Today is the 45th anniversary of the day the first episode of Star Trek aired on
CBS NBC. Over four decades later Star Trek and the movies and shows it spawned are some of the most loved science fiction media properties in America, and perhaps the world. Today several sites have pointed out how many of today’s gadgets resemble, and were often inspired by, the tech on Trek. We’re living in a future with flip phones that act just like communicators, tablets that resemble PADDs, and holodeck dreams that may come true sooner than you think. But is today’s Trek tech as good as the devices envisioned by the writers and prop teams?
Geeks love an X vs. Y fight (Picard would SO beat Kirk, amirite?), so we’ve chosen 5 Trek technologies and their modern counterparts. You, dear readers, get to choose which ones are better. Welcome to the Trek Tech Showdown!
Battle 1: The Enterprise Computer vs. Google Voice Recognition
Federation ships had warp drive, endless corridors and tubes, and the most sophisticated computers in the galaxy. The computer (almost) always knew when a crewmember was talking to her, rarely misinterpreted the command or query, and magically knew when to turn off the communicators to stop someone on the wrong end from hearing a witty aside. And did you ever see anyone complain that their Captain’s Log was transcribed incorrectly? You did not.
The voice recognition in Android phones and Google Chrome tries to approach this level of sophistication, but falls short. Voice to text on Android still relies on a connection to the server to work, and has trouble with similar-sounding words and some regional accents. And though it has the capability, I haven’t yet experienced being able to say “open web browser” and have the browser actually open. But I don’t think we’ll have to wait until the 23rd century before this is possible.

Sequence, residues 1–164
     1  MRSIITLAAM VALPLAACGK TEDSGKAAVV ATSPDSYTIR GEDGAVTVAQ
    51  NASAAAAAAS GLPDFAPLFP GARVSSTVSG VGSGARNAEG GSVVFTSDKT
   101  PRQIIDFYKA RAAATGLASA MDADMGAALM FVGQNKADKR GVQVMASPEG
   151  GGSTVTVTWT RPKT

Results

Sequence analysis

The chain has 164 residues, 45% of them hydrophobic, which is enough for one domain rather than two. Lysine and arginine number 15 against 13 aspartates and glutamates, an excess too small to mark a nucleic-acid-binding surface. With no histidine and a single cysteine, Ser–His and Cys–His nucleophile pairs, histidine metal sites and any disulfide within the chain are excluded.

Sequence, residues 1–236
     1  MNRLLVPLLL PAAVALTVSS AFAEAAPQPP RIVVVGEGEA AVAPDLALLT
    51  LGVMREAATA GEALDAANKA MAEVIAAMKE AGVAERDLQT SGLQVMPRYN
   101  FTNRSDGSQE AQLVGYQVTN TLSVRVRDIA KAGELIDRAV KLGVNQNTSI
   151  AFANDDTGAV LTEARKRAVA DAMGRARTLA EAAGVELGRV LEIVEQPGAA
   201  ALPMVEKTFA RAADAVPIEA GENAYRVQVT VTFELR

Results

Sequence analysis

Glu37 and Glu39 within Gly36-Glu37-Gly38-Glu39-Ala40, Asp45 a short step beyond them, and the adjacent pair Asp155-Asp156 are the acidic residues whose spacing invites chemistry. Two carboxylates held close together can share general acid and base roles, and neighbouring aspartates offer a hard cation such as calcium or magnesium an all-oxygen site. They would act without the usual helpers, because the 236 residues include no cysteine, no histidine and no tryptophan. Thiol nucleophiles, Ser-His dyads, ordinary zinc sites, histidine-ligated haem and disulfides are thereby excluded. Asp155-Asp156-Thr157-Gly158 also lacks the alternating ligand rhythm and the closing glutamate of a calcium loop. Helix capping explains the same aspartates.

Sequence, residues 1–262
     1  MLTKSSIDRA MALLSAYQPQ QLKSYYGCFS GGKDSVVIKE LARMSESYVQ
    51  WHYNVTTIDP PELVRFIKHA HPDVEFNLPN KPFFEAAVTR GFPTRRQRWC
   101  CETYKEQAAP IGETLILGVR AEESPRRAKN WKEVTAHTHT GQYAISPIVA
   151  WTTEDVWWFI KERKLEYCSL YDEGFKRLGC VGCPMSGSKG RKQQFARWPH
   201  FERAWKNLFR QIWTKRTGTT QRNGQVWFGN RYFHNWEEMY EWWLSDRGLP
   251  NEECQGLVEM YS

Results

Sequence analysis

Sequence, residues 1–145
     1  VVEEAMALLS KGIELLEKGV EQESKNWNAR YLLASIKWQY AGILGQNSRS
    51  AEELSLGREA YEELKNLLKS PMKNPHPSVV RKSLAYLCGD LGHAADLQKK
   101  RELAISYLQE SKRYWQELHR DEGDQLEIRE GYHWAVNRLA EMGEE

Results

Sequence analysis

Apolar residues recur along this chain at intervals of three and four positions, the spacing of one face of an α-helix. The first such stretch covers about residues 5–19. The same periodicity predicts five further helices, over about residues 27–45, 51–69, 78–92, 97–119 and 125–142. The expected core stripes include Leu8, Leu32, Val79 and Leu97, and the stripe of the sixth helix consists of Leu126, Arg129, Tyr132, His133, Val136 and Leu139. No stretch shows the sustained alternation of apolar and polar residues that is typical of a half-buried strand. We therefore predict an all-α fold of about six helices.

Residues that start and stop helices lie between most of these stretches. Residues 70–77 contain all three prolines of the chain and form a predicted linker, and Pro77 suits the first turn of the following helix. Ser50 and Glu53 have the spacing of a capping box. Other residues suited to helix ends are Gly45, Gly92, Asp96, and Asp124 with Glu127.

Battle 2: Replicator vs. 3D Printers
Star Trek’s replicators were able to make almost anything you asked for in seconds, but we most often saw them delivering food and “Tea. Earl Grey, hot,” to the crew. The science behind this technology was pretty handwavy — it had something to do with extra molecules leftover in the transporters or something equally icky. Still, in a world with instant food, there can be no hunger. And instant goods without the need for an expensive manufacturing process leads to a paradise (or, so we’re told).
In the present, 3D printers aren’t instantaneous, but they do allow people to manufacture individual items without expensive processes. Taking the concept even further, there now exist 3D printers that print out food. Just as with plastic-based printing, these machines lay down layers of food dot by dot to create items that adhere to nutritional and taste specifications.
Battle 3: The PADD vs. The iPad
During the original Star Trek series, the portable information slates were bulky and often has styluses attached. They looked more like clipboards than futuristic devices. But by the time of The Next Generation these slates evolved into PADDs — personal access display devices. These tablets were everywhere, just a fraction of an inch thick, and about 8 or 9 inches wide. Crewmembers handed them off as casually as we pass along paper today, and the PADDs had constant connectivity to whatever computer system they happened to be near. Interestingly, people preferred their little swiveling laptops when sitting at desk…
Perhaps the estate of Gene Roddenberry will be called on to testify in the ongoing legal battle between Apple and Samsung over tablet design. After all, both the original iPad and the iPad 2 bear a strong resemblance to PADDs in design and functionality. iOS is a better-looking operating system for sure, but there’s a reason why an app exists that mimics the PADD interface. Still, the iPad will need NFC and more advanced Wi-Fi or Bluetooth connectivity with computers, televisions, and espresso machines before it’s as good as the Trek counterpart.
Battle 4: Communicators vs. Flip Phones
By The Next Generation’s era, the Federation had abandoned handhelds and moved on to communicators and locators in the Starfleet insignia. While that might make practical sense, it’s not nearly as much fun. Whenever Kirk or Spock would pull off that neat little wrist flip I had to smile, and the communicator on chirp is the ringtone of choice amongst many a geek. Still, the old school communicator was a little bulky, had a retro dial for no good reason, and required an unsightly utility belt to hold.
It’s no secret that modern flip phones were inspired by Star Trek communicators, and Nextel took the similarities even further when they first introduced nationwide walkie-talkie on phones. But in recent years the flip form factor has given way to the candy bar and mini-PADD-esque smartphones. Maybe if they’d kept the little dial…
Battle 5: Data vs. Android
There’s just one thing to say before you get to voting: Is the Android OS fully functional “in every way”? No, it is not.
Voting ends Monday!